Home > Research > Researchers > Robert E. Stansfield-Cudworth

Dr Robert E. Stansfield-Cudworth

Formerly at Lancaster University


Dr Robert Stansfield was an Honorary Research Fellow at the University of Lancaster. He read History as an undergraduate (BA) at Lancaster: his studies involved reading Geography and Music (Composition) and included a performance of his Concert Overture (Op. 56) by the university’s Symphony Orchestra, as well as studying at the University of Copenhagen, a Special Subject on Richard III, and a thesis on Later Lollardy.


Awarded funding by the Arts and Humanities Research Council (AHRC), Dr Stansfield’s two-shire (MA) study of Somerset and Dorset (1461–91) examined political structures, governance, and elites within the wider context of later medieval English government. This was a precursor to his broader (four-county) AHRC-funded doctoral investigation into the feasibility of a regional approach to the governance, politics, and elites of Cornwall, Devon, Somerset, and Dorset (1450–1500). Exploring Edward IV’s ‘regional’ policy and questioning its reflection of regional identities, his synthesis evaluated the regionality of elites’ interests and interactions – whilst highlighting the roles of regional governors, royal household retainers, and the Duchy of Cornwall – thereby providing an insight into regions, identities, patronage, and royal authority within the context of longer-term trends in governance and state formation.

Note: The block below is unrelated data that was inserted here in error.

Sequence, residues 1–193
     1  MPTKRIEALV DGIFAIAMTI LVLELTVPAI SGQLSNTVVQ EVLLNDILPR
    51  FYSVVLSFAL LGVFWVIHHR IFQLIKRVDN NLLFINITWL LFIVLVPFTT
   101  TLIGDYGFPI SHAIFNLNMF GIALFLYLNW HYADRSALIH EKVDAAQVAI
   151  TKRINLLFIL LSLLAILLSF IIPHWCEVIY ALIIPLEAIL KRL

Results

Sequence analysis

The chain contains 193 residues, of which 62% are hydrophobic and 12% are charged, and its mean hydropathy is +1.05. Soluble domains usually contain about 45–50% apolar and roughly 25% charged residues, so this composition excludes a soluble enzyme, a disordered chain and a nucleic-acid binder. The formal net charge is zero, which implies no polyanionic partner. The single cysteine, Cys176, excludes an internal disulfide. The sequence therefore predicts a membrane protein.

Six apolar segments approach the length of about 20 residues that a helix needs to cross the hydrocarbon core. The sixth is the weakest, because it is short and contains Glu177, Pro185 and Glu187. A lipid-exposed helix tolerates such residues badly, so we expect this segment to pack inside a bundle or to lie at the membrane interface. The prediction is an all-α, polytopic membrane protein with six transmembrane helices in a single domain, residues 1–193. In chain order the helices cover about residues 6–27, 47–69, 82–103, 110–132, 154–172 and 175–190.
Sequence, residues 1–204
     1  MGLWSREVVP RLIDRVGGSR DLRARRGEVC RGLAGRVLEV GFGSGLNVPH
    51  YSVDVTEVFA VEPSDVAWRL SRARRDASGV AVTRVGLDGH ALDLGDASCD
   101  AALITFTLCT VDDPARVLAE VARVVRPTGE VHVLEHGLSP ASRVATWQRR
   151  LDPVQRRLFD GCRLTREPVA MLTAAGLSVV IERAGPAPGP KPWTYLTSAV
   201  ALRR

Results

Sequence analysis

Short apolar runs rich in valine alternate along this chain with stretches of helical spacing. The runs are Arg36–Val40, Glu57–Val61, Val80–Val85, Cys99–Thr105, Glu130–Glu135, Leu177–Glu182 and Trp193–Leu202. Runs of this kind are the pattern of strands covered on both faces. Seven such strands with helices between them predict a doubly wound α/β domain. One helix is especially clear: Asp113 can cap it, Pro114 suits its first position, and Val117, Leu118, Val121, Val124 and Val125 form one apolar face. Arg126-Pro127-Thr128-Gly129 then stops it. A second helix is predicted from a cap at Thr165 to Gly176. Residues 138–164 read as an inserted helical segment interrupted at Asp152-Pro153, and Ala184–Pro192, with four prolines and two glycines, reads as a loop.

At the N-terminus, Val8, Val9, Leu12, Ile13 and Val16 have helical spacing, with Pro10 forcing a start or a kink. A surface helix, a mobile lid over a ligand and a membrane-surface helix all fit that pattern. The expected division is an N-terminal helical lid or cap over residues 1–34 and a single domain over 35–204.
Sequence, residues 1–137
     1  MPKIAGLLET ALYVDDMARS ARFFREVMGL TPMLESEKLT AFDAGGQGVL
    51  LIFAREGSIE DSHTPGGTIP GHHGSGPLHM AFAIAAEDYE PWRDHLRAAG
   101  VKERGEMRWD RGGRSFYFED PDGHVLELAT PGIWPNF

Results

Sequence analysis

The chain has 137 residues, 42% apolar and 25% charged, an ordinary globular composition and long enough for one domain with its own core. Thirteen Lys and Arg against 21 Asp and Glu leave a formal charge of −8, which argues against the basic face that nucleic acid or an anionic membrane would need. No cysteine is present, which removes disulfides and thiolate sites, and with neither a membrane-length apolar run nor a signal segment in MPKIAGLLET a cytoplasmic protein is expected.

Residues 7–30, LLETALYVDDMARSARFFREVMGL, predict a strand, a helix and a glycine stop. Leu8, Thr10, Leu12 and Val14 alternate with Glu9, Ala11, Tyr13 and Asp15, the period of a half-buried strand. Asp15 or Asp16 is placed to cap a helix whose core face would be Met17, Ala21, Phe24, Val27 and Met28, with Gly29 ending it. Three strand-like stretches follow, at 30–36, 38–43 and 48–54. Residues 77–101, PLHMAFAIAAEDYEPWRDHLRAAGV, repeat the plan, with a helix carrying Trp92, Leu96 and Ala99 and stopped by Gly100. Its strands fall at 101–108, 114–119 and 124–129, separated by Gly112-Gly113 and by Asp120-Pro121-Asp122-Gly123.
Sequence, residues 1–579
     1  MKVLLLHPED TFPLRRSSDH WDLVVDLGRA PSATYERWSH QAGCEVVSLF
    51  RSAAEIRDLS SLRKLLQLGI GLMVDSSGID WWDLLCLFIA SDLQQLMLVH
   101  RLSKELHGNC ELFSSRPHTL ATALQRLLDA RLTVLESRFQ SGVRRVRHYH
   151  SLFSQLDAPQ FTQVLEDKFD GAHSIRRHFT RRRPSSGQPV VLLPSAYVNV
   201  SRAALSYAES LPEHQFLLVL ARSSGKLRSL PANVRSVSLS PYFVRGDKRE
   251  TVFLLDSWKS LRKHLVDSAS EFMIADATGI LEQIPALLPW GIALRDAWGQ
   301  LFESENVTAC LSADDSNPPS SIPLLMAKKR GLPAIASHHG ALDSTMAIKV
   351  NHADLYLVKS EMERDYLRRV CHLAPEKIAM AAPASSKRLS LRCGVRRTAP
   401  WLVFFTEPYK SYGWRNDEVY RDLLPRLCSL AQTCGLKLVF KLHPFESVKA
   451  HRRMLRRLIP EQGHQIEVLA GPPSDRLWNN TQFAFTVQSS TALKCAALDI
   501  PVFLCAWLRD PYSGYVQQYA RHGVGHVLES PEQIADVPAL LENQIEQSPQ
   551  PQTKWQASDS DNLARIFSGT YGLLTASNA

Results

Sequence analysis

Dr Stansfield was a Tutor, Associate Lecturer, and Research Associate at Lancaster, where he also studied for a (Higher Education) teaching qualification in Academic Practice (PGCAP) whilst teaching British and European History from ‘The Fall of Rome’ to the seventeenth century. He was Convenor of Lancaster’s Faculty of Arts and Humanities interdisciplinary Postgraduate Seminars (2004–7), and has presented research papers at numerous seminars and conferences. He is also a Fellow of the Higher Education Academy (FHEA).


Research Interests

Dr Stansfield’s research focuses on the political history of late medieval and early modern Britain, including issues of governance, core-periphery relations, the Duchy of Cornwall, and the royal court, household, and affinity.

A long-standing interest in genealogy, local history, and antiquarianism was the stimulus for study of Lancashire’s gentry and non-gentry families from medieval to modern eras: investigating kinship, inheritance patterns, agricultural practices, and socio-political, religious, and other interests.

Additional Information


View all (2) »